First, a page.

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PT100 and PT1000 Breakout Board with MAX31865

MAX31865 board

MAX31865 board

Today I would like to introduce a new breakout board to read temperature values from the most used sensors in the industry such as PT100 and PT1000 (well at least in France).

Why this board ?

It’s not the first time I want to measure sensors but one of the most used in industry are the PT100 and PT1000, and a friend of mine asked me several times to be able to easily measure temperature with these sensors.

 

 

Conception

I wanted this board to be small and efficient and the ability to measure all PT100 ot PT1000 sensors, the one with 2, 3 or 4 wires. So I added several on board jumper pad to select the different mode.

I wanted also to use an existing pinout, so I choosed the well known NRF24L01 one. Which is really (almost I think so) the most used on sensors boards. The connector is present on my boards design such as ArduiPi and ULPNode boards. But you can also find it on several Arduino boards, even if pining may be different.

Target

You can use this breakout board with any embedded card such as Arduino (or ESP8266, Spark Core, Photon, OAK, …) . You just need to do some wiring if the NRF24L01 connector is not on the board. But it’s just 8 wires, it should be straightforward with some dupont cable.

Board pictures

Here another picture of the final board, you can zoom in clicking on the picture.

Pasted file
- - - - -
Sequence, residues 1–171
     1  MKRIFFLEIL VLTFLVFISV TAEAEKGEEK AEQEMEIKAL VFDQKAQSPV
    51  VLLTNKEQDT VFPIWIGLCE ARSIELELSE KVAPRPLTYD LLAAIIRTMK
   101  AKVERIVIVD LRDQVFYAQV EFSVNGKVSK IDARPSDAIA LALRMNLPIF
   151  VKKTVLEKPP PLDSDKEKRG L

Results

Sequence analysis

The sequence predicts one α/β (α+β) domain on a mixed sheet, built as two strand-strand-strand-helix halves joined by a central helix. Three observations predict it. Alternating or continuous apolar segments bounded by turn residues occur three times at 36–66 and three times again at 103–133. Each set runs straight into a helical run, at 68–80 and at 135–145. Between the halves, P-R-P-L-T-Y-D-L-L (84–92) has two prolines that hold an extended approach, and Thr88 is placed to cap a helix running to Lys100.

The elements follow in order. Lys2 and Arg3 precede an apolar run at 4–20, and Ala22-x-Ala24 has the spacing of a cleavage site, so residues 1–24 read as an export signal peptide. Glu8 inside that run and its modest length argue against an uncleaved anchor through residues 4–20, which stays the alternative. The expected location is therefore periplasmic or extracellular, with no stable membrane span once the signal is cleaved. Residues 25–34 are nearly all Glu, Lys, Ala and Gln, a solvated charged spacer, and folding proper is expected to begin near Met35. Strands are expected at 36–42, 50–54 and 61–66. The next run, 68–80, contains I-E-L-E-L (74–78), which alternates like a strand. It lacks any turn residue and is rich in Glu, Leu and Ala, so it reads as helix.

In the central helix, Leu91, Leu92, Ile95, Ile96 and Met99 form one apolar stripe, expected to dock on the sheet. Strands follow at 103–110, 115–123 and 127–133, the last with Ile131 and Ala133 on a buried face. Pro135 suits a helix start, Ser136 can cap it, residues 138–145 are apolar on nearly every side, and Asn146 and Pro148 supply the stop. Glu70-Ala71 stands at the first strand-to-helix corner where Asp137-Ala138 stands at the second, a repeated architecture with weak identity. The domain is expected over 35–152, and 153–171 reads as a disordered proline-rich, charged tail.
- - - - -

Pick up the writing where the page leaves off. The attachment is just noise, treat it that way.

MAX31865 breakout board

MAX31865 breakout board

Getting started

Following can be called a getting started section, I will describe how the board is made and how to use it. First of all let’s start by the board schematic

Schematic

MAX31865 breakout board schematic

MAX31865 breakout board schematic

Nothing fancy, this design is very close from the original Maxim MAX31865 datasheet. Features are following :

  • 2 references resistors (390 Ohms 0.1% and 3.9 KOhms 0.1%) and solder pad option to be able to select if you want to use the board with a PT100 or PT1000
  • Can be used with 2, 3 or 4 wires PT100 or PT1000 (solder pad option)
  • Filtered and separated Digital and Analog signals (ground/3.3V) using ferrite board
  • On board led driven by target IO
  • Ready signal (DRDY) connected to a target IO pin if needed

Connections

Let get a look to the NRF24L01 connector. Picture below is the top view.

NRF24L01 Pinout top

NRF24L01 Pinout top

And now the MAX31865 breakout board, pretty the same.

MAX31865 breakout board pinout

MAX31865 breakout board pinout

So there are 8 pins, described as follow and this is the same pinout for the MAX31865 breakout board divided into 3 groups. in parenthesis I indicated the Arduino pin where it’s generally connected to.

  • Power
    • GND connected to ground
    • VCC/3V3 connected to 3.3V, do not connect it to 5V !!

Pay attention to board power, all the signals target board needs to run at 3.3V, connecting only VCC of the breakout to 3.3V is not enough if your Arduino board is running at 5V because SPI bus signal (SCK, MOSI and CSN) will get to 5V and dammage the breakout